This topic is very much "on trend" at the moment: people in towns are becoming aware that we are losing vast numbers of our hedgehogs, and are trying to take steps to help them.
Generally speaking, this is a good thing: as long as people realise that hedgehogs put the "wild" in "wildlife": they are not cute, cuddly, tame things - they are actually wild, outdoor critters, and they do NOT make good pets!
They have spines, fleas, big claws, and they poo incessantly. Ask anyone who feeds hedgehogs in their garden - the amount of messy poo on the patio is quite incredible!
Wild hedgehogs look like this:
These are used for digging: wild hedgehogs dig burrows, they dig for food, so they have big claws.
They are nocturnal, which means that they start to get active, and interesting, just as we are settling down for the evening.
Most of the "cute" pictures of hedgehogs which you will see on the internet are not wild UK hedgehogs at all, they are African Pygmy Hedgehogs, which are very popular in the US as pets (and I have every expectation that they will find their way into the UK as pets as well, depressingly...).
They look like this:
Note the white underneaths, the white faces: our wild hedgehogs are usually - not always, but usually - just plain brown or grey.
Note also the bigger ears, set rather higher on the face, giving them that cute "nearly human" look.
Many of them have the darker "mask" on their faces, but - the biggest giveaway - look at their teeny tiny feet.
That's because they come from Africa (bit of a clue in the name, huh?), where the soil is light and sandy: plus, they are scavengers, rather than hunters. So they don't need hulking great claws.
There are two other facts about African Pygmy hedgehogs (and yes, they are considerably smaller than our wild ones, but that's tricky, because for all you know, you are looking at a young, wild one...) which are extremely relevant, but unfortunately, invisible.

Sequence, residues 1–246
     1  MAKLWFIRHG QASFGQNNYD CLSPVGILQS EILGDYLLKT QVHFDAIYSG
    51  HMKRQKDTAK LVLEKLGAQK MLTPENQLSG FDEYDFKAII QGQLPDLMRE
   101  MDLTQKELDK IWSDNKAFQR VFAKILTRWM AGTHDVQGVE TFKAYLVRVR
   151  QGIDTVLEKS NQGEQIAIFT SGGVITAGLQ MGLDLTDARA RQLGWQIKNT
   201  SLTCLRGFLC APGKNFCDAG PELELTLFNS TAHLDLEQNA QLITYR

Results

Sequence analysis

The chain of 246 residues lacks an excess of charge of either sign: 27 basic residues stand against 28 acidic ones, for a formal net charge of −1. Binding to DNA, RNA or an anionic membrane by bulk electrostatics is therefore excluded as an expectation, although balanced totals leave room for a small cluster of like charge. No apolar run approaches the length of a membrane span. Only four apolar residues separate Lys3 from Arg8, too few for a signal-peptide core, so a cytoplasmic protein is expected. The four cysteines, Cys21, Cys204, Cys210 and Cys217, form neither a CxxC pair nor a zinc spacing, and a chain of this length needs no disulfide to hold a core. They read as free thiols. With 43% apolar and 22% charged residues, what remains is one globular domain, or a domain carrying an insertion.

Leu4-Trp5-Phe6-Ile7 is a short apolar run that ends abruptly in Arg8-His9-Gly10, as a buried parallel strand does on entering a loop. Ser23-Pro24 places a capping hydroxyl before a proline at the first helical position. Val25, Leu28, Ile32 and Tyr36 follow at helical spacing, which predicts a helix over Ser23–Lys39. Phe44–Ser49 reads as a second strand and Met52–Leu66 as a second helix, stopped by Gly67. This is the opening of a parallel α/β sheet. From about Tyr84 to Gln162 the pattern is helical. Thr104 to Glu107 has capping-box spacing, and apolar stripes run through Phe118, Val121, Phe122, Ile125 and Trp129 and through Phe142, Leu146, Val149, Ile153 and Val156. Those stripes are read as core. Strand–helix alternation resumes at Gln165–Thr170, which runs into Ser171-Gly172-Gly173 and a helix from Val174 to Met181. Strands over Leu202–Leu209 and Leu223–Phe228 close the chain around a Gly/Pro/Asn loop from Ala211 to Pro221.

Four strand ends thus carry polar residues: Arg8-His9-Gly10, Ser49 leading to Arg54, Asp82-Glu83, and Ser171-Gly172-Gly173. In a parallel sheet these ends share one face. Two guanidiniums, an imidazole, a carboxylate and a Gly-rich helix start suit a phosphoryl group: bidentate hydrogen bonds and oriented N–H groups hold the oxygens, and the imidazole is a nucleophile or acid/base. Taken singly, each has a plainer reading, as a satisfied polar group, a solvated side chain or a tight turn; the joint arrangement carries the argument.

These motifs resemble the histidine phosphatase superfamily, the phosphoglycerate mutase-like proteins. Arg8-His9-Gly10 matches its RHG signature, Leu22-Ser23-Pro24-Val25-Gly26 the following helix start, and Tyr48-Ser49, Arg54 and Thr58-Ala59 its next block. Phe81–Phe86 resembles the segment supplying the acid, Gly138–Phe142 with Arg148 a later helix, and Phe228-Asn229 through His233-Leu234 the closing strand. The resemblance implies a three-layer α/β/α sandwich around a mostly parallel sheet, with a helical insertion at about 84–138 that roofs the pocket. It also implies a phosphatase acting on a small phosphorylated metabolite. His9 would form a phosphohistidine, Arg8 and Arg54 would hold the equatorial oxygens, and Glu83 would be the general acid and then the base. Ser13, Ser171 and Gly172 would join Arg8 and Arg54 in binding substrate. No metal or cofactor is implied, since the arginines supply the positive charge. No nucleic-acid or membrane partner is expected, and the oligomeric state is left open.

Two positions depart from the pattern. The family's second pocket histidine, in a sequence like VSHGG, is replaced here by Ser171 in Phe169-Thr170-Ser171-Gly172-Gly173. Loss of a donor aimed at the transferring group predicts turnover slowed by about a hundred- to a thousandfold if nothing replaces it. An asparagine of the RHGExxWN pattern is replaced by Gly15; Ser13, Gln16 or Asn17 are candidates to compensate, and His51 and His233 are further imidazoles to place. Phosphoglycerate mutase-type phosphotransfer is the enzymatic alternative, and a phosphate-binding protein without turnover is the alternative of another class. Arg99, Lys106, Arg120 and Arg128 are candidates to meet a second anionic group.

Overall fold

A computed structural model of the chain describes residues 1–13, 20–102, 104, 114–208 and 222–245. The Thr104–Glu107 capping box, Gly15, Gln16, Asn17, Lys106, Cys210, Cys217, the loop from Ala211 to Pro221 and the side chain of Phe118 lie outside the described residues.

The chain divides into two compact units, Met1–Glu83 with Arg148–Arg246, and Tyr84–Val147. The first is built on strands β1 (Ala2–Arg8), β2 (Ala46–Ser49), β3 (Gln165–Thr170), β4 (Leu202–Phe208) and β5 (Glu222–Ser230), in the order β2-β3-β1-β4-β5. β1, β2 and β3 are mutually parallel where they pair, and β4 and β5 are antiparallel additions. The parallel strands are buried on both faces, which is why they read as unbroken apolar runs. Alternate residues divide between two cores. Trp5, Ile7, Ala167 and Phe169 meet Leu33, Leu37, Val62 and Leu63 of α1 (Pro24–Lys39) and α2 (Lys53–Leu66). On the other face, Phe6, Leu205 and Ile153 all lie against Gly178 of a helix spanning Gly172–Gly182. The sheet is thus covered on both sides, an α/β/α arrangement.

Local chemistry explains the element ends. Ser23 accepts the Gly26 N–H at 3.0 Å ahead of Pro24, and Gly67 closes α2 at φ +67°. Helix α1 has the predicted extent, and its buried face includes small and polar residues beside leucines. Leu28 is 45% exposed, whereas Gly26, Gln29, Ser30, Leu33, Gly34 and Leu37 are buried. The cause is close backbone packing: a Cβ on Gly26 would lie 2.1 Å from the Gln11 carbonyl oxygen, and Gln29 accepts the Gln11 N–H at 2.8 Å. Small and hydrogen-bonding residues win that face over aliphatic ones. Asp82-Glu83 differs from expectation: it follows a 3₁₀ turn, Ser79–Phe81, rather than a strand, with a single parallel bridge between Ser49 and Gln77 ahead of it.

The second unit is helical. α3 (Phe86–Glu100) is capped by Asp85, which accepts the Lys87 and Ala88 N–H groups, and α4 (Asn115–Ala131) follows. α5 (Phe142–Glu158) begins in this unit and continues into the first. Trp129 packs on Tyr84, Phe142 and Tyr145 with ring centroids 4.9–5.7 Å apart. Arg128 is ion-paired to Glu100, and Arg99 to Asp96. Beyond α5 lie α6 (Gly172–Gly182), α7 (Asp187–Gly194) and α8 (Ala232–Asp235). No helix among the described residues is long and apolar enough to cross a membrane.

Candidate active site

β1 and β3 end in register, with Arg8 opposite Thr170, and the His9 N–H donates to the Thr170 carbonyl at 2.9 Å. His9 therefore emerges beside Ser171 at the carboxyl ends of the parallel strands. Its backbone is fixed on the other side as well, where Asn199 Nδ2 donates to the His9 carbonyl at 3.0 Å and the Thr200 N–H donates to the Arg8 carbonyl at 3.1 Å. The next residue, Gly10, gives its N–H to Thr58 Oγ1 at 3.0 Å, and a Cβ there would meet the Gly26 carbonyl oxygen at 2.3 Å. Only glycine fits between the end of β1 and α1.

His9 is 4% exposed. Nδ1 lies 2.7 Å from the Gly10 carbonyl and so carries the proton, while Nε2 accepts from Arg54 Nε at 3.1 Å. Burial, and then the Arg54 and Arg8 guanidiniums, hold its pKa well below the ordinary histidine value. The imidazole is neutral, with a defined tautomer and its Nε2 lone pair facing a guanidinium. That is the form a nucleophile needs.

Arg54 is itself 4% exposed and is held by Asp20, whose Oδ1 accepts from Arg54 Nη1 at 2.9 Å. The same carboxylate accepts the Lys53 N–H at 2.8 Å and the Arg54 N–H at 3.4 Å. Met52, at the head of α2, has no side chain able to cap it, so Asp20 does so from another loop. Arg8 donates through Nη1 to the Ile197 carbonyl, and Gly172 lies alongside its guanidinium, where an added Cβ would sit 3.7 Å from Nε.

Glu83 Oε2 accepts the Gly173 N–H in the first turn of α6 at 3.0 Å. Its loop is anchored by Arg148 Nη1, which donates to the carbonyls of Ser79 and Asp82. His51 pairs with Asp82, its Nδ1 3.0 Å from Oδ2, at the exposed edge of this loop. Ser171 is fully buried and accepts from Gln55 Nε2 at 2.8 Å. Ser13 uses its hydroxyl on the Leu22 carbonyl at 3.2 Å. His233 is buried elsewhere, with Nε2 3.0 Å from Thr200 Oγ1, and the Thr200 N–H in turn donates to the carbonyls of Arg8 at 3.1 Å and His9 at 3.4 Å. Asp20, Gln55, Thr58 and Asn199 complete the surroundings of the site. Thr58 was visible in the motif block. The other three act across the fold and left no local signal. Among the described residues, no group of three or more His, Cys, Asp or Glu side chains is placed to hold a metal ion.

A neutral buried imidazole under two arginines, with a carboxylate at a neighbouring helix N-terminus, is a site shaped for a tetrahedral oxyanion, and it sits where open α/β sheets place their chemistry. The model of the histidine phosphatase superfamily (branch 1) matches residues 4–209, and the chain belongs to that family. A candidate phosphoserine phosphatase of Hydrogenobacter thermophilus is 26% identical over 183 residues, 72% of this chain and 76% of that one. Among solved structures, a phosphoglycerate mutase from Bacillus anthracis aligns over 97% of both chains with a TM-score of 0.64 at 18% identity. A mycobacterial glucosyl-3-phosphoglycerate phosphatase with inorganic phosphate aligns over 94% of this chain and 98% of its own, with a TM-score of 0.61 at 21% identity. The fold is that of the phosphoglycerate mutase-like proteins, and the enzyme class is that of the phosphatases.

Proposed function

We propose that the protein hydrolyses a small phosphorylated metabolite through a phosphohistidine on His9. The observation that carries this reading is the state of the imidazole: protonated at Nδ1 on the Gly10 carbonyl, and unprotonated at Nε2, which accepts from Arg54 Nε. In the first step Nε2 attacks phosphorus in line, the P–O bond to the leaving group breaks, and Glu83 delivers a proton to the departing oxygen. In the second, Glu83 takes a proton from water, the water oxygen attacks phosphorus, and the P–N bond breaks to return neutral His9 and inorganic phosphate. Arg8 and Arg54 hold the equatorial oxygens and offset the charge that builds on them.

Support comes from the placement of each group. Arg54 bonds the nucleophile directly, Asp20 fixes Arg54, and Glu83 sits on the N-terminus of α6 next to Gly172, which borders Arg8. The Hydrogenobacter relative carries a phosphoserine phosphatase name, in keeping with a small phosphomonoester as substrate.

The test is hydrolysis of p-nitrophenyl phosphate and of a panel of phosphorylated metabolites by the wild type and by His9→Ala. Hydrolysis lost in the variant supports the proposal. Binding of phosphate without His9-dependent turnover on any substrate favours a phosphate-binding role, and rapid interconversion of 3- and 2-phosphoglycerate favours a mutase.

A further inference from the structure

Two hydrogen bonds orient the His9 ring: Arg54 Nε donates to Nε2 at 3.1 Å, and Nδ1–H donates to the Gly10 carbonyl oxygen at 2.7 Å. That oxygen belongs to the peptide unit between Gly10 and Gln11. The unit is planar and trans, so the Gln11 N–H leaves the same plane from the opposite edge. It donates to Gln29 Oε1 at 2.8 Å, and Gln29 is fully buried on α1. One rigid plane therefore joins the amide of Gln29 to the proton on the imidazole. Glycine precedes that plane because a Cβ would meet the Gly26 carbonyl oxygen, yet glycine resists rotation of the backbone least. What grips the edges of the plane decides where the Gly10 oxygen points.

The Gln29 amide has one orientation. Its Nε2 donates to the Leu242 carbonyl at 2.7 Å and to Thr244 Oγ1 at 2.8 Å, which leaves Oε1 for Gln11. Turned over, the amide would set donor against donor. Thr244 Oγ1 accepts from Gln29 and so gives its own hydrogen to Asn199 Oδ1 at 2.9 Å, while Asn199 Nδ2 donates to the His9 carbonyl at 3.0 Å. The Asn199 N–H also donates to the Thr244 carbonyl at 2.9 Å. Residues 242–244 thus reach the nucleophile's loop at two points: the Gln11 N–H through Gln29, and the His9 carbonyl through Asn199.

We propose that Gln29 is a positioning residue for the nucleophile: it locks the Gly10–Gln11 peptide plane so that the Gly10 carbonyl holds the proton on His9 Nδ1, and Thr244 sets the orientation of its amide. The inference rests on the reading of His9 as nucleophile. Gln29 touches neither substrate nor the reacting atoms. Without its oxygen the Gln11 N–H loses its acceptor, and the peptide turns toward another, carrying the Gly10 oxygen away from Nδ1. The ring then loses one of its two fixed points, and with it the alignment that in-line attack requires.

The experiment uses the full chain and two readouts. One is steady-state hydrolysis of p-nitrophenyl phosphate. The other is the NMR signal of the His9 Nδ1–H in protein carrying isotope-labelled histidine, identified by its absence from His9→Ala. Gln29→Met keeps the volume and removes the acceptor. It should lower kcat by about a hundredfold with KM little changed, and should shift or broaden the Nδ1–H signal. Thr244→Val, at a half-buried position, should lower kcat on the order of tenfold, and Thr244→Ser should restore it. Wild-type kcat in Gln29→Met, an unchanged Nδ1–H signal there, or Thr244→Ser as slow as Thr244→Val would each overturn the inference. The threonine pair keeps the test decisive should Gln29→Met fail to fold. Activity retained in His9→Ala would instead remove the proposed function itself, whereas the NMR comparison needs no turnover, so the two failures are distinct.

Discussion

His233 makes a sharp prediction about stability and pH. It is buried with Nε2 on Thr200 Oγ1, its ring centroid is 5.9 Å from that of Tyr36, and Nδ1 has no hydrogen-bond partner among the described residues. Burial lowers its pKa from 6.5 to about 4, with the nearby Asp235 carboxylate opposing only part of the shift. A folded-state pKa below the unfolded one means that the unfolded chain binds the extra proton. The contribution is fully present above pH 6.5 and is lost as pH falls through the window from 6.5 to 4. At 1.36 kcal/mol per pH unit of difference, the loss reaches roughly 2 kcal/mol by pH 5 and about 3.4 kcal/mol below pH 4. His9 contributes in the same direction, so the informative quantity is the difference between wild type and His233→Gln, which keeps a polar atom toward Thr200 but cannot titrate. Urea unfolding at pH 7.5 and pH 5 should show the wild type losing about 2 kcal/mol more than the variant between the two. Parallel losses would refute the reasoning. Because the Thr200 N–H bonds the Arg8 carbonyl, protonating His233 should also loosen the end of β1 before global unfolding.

1) they are not resistant to wild hedgehog diseases. So if they meet wild hogs, they will probably get ill, and may well die.
2) they need to be kept at a temperature of at least 22 degrees - Africa, remember? - so if they are left outside in the UK, or released into the wild, they will die. They. Will. Die.
The only good thing about it, is that they are a different genus (Atelerix albiventris) from our wild hedgehogs (Erinaceus europaeus), so at least they can't interbreed.
So, getting back to wild Hedgehogs, what can we, the UK gardeners, do to help these little guys?
First and most obvious, don't feed them! Far more Hedgehogs die from being fed the wrong food, than from starvation. There is a mass of contradictory information on the internet, as to what is the "correct" food for wild hogs, just as there is for feeding the ducks: but the bottom line is that these are wild animals, and we should not attempt to semi-tame them by feeding them, for our entertainment.
Yes, I know that they are adorable to watch, as they bumble around on your patio. I often have close encounters with Hedgehogs in my open porch (why do they lurk in my porch? why? why? I have no idea), and I always enjoy seeing them, but I don't feel the need to have them put on a Busby Berkely style routine, so that I can sit there and watch them for an hour.
I can hear you shouting at the screen "but we are saving them!". No, you are not. Putting out food for wild hogs disturbs their natural lifestyle, in several ways.
Firstly, you are forcing them to come to a particular spot, at a particular time: in unnatural quantities. How many videos have you watched, on the internet, of hogs fighting over the food dishes? Oh yes, very amusing to watch, but you are putting these normally quite solitary creatures into larger groups, which leads to disputes, over-crowding, and disease.